Some of the most vulnerable people in our communities do not have a medical home.9 While improving our skills in clinical population medicine, we must simultaneously work to address the needs of our broader community and reach the populations that are not regularly accessing primary care. When we define population health as the community’s health, our approach is different. The Folsom Report10 of 1967 urged primary care physicians to address community health needs by partnering with public health systems and others to create communities of solution that cross jurisdictional lines.11 Despite the efforts of community-oriented primary care providers, many of the market forces at work in the US health care system led to the fragmentation we now see. Family Medicine for America’s Health has helped reinvigorate this call to action and create a new vision for the role of primary care in redesigning health care and addressing the health of populations.12 We should be partnering with everyone and anyone who works to improve the health of groups of people: hospitals/health systems, payers, other primary care providers, the public health system, educational institutions, community organizations, and researchers.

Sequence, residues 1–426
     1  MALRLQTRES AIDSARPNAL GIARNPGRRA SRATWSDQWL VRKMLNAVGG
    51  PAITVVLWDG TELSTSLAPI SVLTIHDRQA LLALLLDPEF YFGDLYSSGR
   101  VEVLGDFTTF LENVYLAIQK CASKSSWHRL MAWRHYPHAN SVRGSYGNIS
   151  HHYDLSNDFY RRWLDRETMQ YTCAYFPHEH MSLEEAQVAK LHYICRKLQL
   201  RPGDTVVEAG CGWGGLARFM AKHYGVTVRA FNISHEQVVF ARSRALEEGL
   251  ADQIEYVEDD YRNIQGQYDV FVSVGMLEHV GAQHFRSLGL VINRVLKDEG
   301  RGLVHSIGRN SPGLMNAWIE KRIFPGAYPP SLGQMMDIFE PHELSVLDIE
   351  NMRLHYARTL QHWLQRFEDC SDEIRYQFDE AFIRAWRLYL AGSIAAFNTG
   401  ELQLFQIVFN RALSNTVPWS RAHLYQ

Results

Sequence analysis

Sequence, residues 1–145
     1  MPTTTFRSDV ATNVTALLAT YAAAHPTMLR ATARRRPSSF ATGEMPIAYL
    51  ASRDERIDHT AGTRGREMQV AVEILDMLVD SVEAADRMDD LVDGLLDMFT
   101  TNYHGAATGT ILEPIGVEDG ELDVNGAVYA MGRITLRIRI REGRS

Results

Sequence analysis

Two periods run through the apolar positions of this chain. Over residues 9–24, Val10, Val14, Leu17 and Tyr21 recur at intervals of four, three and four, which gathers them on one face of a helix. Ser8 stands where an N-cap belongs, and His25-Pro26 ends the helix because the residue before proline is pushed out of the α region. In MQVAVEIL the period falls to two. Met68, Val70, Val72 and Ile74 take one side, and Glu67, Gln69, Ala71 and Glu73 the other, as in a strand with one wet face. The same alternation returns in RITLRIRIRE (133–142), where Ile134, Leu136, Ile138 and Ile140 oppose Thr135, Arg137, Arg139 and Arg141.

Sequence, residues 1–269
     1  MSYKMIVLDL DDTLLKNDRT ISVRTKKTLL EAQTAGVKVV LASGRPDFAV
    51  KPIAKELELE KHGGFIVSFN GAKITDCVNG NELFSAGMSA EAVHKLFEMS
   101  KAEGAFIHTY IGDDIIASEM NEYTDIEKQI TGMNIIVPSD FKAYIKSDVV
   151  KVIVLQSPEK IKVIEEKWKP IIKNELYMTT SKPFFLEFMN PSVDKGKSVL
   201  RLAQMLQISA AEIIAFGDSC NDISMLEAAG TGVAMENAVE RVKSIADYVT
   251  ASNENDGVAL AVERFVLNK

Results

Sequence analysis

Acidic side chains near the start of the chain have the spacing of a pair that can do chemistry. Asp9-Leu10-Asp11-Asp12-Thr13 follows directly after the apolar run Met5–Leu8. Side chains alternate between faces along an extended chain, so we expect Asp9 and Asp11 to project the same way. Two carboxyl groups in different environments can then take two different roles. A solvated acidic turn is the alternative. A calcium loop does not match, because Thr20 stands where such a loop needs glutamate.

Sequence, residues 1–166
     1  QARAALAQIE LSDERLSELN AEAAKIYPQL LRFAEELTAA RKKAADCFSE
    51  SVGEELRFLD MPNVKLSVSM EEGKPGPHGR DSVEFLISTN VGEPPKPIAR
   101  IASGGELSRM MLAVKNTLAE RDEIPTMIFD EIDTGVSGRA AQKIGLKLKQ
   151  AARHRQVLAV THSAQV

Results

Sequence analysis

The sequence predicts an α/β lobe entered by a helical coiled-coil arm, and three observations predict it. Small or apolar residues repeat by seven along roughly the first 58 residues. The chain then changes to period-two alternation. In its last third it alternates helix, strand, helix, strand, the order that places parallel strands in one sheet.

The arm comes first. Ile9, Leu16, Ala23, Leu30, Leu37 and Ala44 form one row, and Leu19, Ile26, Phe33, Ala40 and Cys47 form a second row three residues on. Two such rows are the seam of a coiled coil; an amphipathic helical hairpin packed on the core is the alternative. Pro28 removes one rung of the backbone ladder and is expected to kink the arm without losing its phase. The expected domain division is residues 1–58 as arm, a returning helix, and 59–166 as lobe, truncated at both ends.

Equipping the next generation of family physicians and primary care teams to be experts in population health will require many of the unique skills already taught in family medicine residencies for understanding and addressing biopsychosocial factors impacting health. We should consider adding several additional skills to our training program curricula: community engagement, patient empowerment, community organizing, collaboration and teamwork, relational leadership, informatics, data analysis, and creative problem solving (to name a few).

Tangible Next Steps for Family Medicine Educators

Teaching residents and faculty clinicians to generate reports from their EHRs about their practice panel remains an important skill, but it is equally important for them to learn how to respond to these reports. Further, we can develop and test new ways to use EHRs to prioritize care, improve risk stratification, and incorporate community vital signs into our patient care and population health efforts.7,8 We can equip learners with skills for conducting community health needs assessments and for identifying adverse SDH for our patient populations. We can remind our teams that every point in a data set is a person, and that one antidote for frustration in practice is to effect change at the systems level.